And then we had Projonmo Chottor at Shahbagh earlier in 2103. There we saw the outpouring of love and dedication to the motherland, to the spirit of the liberation war, to the voice of reason and humanity, and respect to all the martyrs. Never have I felt so proud to be a citizen of Bangladesh, of being a Bangalee, of being a martyr’s son, until I was there at Shahbagh with millions of youth-old-children, chanting ‘Joy Bangla’ or singing the national anthem, or lighting one of the million candles. Not just for a moment or a day but for many days. Along with all that, we saw the revival of the spirit of the liberation war in different aspects of arts and culture – music, fine arts, folk art, theatre, literature, fashion – and so on. So 2013 does promise a better future than 2003.
But of course there are many minuses. We have seen shameful targeted fundamentalist attacks on minorities, secular forces and activists of movement of the war crimes trials. We have seen the systematic propaganda and sometimes misguided fault finding about the tribunal, mostly by lobbyists paid by Jamaat sympathisers. The tribunal itself was riddled with its challenges, with the controversy over the leaked conversation and the subsequent resignation of the head of the tribunal. We have seen the disappointing outcome of not awarding the highest punishment of the land to the chief mastermind of the collaborators only because of his old age. We are still uncertain if the absconding and convicted war criminals can ever be brought back to justice, if the verdicts of the other war criminals will be carried out, if other war criminals will be tried, if Pakistani war criminals could ever be brought to justice and above all – if the tribunal could continue to function at all in the near or far future.
In the face of so many ifs, the present and the future may seem rather bleak, but I am always an optimist who sees the glass half full and nothing else. I am hopeful that most, if not all, the ‘ifs’ will become a reality. But to do so, Bangladeshis at home and abroad who love their motherland, must continue to be vigilant about the opposing forces of the spirit and ideals of the liberation war. We must continue to be united beyond petty personal interests. Before the upcoming national parliamentary elections, we must again raise voices against the collaborators who would be seeking our votes, even within the guise of other political parties than Jamaat-e-Islami.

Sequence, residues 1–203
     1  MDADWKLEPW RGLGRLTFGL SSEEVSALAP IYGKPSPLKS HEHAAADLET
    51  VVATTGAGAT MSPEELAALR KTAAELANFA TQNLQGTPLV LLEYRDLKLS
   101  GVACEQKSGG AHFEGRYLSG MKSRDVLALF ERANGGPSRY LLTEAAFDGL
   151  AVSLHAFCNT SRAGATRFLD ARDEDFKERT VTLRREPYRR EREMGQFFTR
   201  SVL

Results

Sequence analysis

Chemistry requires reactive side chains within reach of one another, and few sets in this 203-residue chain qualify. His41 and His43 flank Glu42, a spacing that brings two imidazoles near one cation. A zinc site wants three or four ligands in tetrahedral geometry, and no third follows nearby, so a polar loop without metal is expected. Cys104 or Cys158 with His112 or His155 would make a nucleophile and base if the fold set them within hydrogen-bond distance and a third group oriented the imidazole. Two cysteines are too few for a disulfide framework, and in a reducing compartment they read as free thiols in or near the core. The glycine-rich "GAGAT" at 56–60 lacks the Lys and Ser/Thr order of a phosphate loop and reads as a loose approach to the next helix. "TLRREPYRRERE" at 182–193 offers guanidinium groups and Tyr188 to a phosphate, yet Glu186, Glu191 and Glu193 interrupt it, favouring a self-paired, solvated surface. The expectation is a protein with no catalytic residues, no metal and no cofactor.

Then, whichever major political party comes in power, we have to continue to demand for the trials and the execution of the verdicts to continue, correcting any procedural flaw of the tribunal that is legitimate to be corrected. We must continue to support the process of respecting all the families of martyrs, freedom fighters and birangonas, help identify and preserve many of the war-time killing fields across the country, preserve and promote the factual history of the liberation war in every sphere of personal and professional life.
Readers, you do not really have to listen to me. But don’t you think you (and me) really need to do all this? After all, without the supreme sacrifice of the martyrs, who knows what would have happened to the country. You owe it to them for your own sake, not for me. If you don’t, I am sure your conscience will come back to bite you one day.

The writer is a Development Worker, Theater Activist and Son of Martyred Munier Chowdhury.